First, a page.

Syrians fighting in Baghdad, helping Iraqis to flee: US
US has accused Syria of having chemical weapons and helping senior Iraqi leaders to escape.india Updated: Apr 14, 2003 13:32 IST
The United States has stepped up its criticism of Syria, accusing Damascus of having chemical weapons and allowing senior Iraqi leaders to escape through its territory.
Syrian nationals battled US troops in Baghdad after entering Iraq by the busload, Defence Secretary Donald Rumsfeld said on Sunday.
Many Syrian nationals were killed in fighting overnight in the Iraqi capital and others have been taken prisoner, Rumsfeld said.
US intelligence has previously reported that Syria possesses stockpiles of the nerve gas sarin and is believed to have an active biological programme.
"The Syrian government needs to cooperate with the United States and our coalition partners. It must not harbour any Baathists, any military officials who need to be held to account for their tenure" in Iraq, President George W. Bush told reporters at the White House.
Bush stopped short of threatening US action against Damascus, but his comments were the latest warning to Syria to halt support for the deposed Iraqi regime and its leaders.
"We expect them to do everything they can to prevent people who should be held to account from escaping in their country," he said.
"And if they are in their country, we expect the Syrian authorities to turn them over to the proper folks," said Bush.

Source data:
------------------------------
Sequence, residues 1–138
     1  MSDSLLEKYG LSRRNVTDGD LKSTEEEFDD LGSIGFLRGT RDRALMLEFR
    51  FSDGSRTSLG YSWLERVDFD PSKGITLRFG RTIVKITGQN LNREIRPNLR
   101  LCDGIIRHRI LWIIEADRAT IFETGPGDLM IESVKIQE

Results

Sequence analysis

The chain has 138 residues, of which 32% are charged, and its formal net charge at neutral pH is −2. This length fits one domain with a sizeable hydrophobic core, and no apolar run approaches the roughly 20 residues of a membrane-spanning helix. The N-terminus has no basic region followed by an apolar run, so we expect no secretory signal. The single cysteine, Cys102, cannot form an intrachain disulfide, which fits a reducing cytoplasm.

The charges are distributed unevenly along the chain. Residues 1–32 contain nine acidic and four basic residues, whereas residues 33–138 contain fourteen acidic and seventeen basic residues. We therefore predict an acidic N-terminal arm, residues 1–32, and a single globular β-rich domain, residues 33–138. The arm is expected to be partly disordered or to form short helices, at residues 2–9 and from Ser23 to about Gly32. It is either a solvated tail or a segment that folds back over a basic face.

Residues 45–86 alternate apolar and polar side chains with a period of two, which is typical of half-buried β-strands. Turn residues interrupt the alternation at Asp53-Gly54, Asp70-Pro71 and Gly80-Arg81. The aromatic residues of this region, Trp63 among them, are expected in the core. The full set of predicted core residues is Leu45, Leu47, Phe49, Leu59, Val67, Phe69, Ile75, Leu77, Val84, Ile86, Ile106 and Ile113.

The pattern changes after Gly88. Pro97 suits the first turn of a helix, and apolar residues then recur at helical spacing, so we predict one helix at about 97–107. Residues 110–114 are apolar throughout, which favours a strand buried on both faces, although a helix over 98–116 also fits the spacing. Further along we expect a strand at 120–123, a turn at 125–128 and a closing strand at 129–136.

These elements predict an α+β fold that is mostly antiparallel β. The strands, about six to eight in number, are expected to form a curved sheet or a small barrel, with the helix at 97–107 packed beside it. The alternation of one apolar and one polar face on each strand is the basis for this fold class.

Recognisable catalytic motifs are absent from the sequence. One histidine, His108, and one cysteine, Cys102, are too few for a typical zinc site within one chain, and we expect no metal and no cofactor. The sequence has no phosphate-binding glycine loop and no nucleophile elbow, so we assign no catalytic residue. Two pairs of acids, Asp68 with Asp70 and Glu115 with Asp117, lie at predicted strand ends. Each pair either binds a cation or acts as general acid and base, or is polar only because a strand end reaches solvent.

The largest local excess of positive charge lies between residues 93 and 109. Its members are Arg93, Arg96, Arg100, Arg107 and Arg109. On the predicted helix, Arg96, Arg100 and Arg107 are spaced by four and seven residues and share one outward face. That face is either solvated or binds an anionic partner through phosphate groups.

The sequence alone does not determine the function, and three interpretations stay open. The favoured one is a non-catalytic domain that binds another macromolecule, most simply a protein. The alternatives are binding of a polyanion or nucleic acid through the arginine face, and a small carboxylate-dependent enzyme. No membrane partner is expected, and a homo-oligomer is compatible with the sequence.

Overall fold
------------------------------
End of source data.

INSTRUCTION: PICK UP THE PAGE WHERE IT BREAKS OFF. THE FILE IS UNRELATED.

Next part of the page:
"We believe there are chemical weapons in Syria," Bush said without elaborating.
"Each situation will require a different response," Bush said. "First thing's first. We're here in Iraq now."
Rumsfeld said earlier that the United States had reports that some of Iraq's weapons of mass destruction may have been sent to a neighbouring country, but would not identify the country.
"The government's making a lot of bad mistakes, a lot of bad judgment calls, in my view, and they're associating with the wrong people," Rumsfeld said in a interview here with CBS television.
And in an interview with the BBC, Secretary of State Colin Powell warned Damascus it would be "very unwise if, suddenly, Syria becomes a haven for all these people who should be brought to justice, who are trying to get out of Baghdad."
Syrian officials emphatically denied that it was harbouring members of the regime or had weapons of mass destruction, and said Washington was seeking to divert attention from the chaos and lawlessness that has followed the collapse of the Iraqi regime.
"We will not only accept the most rigid (weapons) inspection regime, we will welcome it heartily," said Imad Moustapha, the number two in the Syrian embassy in the United States.
A half brother of Saddam, Watban Ibrahim Hasan, was captured near the border with Syria trying to flee the country, a US official confirmed.
US Army General Tommy Franks said foreigners were fighting as paid mercenaries in Iraq.
He said mercenaries were "from a number of countries. Syria as well as a number of others... They have come in as mercenaries been paid by the Iraqis."
Franks said some Iraqi leaders were seized trying to escape the country and were in US custody in western Iraq.